This is Ask the Dietitian, a series in partnership with our friends at Migraine Strong, featuring Danielle Aberman, RDN. Danielle, one of the owners of Migraine Strong, has been living with migraine for 36 years. After her journey in uncovering her own migraine food triggers, she became a registered dietitian to help others take control of their wellness and get their lives back.
I’ve changed my diet to get my migraine attacks under control, but I don’t think it’s helping. I really want dietary changes to help, but I don’t know what to try next. What do you suggest?
— Bezzy Migraine Member
Nothing makes me happier as a dietitian than helping people with migraine reduce the frequency and intensity of their attacks. It’s so nice when someone can identify a few foods to avoid and begin to reclaim migraine-free days in their life.
But there isn’t one “migraine diet” that will work for everyone. Migraine is complex and thought to be due to a combination of many genetic factors. This is likely why each of us experiences migraine differently and have different triggers.
This may also explain why some medications and interventions, including diet, work for some people but not others. Having to try many different approaches is frustrating, but it’s the reality of migraine treatment.
I don’t want to miss an opportunity to acknowledge you for committing to making a significant change to your lifestyle. Good job giving it a try, even if you didn’t get the results you were looking for. You did not fail. Migraine doesn’t play fair, and it doesn’t reward all efforts.
Let’s look at three things to think about when dietary changes aren’t helping.
Sometimes it takes more than one attempt at modifying your diet to find the best way of eating for your overall wellness and migraine control.
Maybe you were trying the popular elimination diet for migraine. The goal of that diet is to identify food triggers by restricting your foods to those commonly considered neutral for most people. If you diligently followed the diet and avoided the lengthy list of restricted foods but haven’t gotten better, there is some good news mixed with some disappointing news.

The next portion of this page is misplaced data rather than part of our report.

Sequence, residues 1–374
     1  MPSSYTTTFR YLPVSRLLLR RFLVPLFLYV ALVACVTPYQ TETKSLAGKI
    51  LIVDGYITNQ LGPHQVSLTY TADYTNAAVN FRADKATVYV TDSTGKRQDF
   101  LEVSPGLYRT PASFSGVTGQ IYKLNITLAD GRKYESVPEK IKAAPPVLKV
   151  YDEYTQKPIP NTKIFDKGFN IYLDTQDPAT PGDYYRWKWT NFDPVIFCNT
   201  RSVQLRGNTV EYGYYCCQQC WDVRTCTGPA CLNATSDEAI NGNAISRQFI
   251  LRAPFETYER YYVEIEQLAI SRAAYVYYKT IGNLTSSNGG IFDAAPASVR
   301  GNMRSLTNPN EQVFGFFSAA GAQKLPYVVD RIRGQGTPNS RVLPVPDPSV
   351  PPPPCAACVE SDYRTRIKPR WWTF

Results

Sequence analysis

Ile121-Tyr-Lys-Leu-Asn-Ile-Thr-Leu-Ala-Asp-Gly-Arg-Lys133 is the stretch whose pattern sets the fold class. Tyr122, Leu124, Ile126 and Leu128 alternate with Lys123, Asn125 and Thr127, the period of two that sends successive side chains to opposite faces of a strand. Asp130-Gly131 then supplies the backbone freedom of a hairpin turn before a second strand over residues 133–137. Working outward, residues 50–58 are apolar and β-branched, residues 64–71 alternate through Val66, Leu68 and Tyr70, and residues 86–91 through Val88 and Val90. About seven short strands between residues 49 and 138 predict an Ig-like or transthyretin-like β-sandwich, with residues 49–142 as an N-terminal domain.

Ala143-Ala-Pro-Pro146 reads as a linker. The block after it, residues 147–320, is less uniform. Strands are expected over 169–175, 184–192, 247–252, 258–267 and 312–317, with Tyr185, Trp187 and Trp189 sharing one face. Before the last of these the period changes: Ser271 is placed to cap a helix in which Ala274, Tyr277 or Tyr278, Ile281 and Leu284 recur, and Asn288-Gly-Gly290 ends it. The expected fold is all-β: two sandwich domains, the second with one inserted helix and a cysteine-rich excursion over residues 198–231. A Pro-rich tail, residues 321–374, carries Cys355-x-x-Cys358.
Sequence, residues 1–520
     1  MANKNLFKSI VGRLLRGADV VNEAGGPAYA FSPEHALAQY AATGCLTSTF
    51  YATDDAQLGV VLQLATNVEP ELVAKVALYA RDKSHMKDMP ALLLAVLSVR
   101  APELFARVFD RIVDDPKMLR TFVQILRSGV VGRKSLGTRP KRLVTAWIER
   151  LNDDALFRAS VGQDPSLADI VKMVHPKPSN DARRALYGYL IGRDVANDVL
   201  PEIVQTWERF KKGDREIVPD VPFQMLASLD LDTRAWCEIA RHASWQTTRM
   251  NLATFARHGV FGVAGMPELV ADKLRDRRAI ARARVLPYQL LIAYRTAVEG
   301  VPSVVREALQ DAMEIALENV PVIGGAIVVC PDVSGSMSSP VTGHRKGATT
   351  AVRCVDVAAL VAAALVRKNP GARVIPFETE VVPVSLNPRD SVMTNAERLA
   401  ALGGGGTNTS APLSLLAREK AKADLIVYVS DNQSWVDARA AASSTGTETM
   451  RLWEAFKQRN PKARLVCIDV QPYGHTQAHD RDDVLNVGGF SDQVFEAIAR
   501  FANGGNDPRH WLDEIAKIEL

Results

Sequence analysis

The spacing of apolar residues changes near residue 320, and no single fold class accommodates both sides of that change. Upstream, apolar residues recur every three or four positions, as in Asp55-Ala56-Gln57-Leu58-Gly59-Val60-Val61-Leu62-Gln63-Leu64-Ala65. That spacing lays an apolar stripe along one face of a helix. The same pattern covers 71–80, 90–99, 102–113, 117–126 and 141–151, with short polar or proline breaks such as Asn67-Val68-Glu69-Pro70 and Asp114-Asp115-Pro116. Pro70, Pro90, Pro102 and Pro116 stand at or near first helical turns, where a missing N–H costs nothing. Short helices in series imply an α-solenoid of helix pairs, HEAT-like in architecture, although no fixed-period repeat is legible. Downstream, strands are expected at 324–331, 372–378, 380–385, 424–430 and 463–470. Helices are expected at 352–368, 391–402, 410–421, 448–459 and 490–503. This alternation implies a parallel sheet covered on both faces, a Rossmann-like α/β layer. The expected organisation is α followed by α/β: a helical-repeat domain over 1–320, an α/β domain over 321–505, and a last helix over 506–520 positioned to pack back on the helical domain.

The good news is that you may not have food triggers. So, you can continue to enjoy delicious and nutritious foods like guacamole, chocolate, and aged cheeses.
On the other hand, what didn’t happen was the “Aha!” moment you had hoped for. Identifying a culprit is typically rewarding, and that didn’t happen for you.
If the migraine elimination diet didn’t help you find food triggers, it might be time to move on to an approach to minimize inflammation and help your overall wellness. In my first article in this series, I discussed the “rules” and general guidelines for healthy eating for migraine control. Just like trialing different medications, sometimes trialing different diets can help.
An evidence-based diet for migraine prevention that focuses on foods to include rather than avoid is the high fish oil diet. Since most diets focus on what not to eat, this way of eating focuses on what to include. The diet includes fish like salmon and tuna, both high in omega-3 fatty acids. Fish oil may also help reduce neuroinflammation.
Before starting a new diet, talk with a doctor to see if it’s a good option.
While your diet attempt may have felt disappointing, adding or changing some nutritional supplements may help you get better control of migraine.
Though more research is necessary, there are several nutritional supplements that may be helpful for migraine. This includes:
Additionally, ginger root may be helpful. In a meta-analysis, researchers concluded that ginger is safe and effective at reducing pain in people with migraine. Ginger has also been shown to be helpful for nausea, one of the more debilitating symptoms of migraine.
What is especially nice about ginger is that many people find it helpful in different forms, including the sliced root, crystallized form, and powdered spice. It’s nice to find migraine relief from food rather than another tablet or capsule.
Some supplements and herbs have the potential to interact with certain medications or other supplements. Always talk with your doctor before trying a new supplement or herb.
Migraine is a complex neurological condition that can range from infrequent and easy to treat to chronic and resistant to many medications.
Having an expectation that diet will help may be reasonable for some people. While some may experience significant improvement, others may have only a slight reduction in attacks or no improvement.
At Migraine Strong, we always recommend a multimodality approach, especially for those with more frequent attacks. Attacking migraine with several interventions simultaneously is often more helpful than just one method at a time.
If you implement specific evidence-based lifestyle modifications and find effective medications with your doctor, you may notice gradual but improved success in controlling migraine. Hypothetically, if medication gives someone 40 percent improvement, diet and nutritional supplements help another 25 percent, and cognitive behavioral therapy helps 15 percent, one could say that is a success worth celebrating.
Medically reviewed on June 02, 2022
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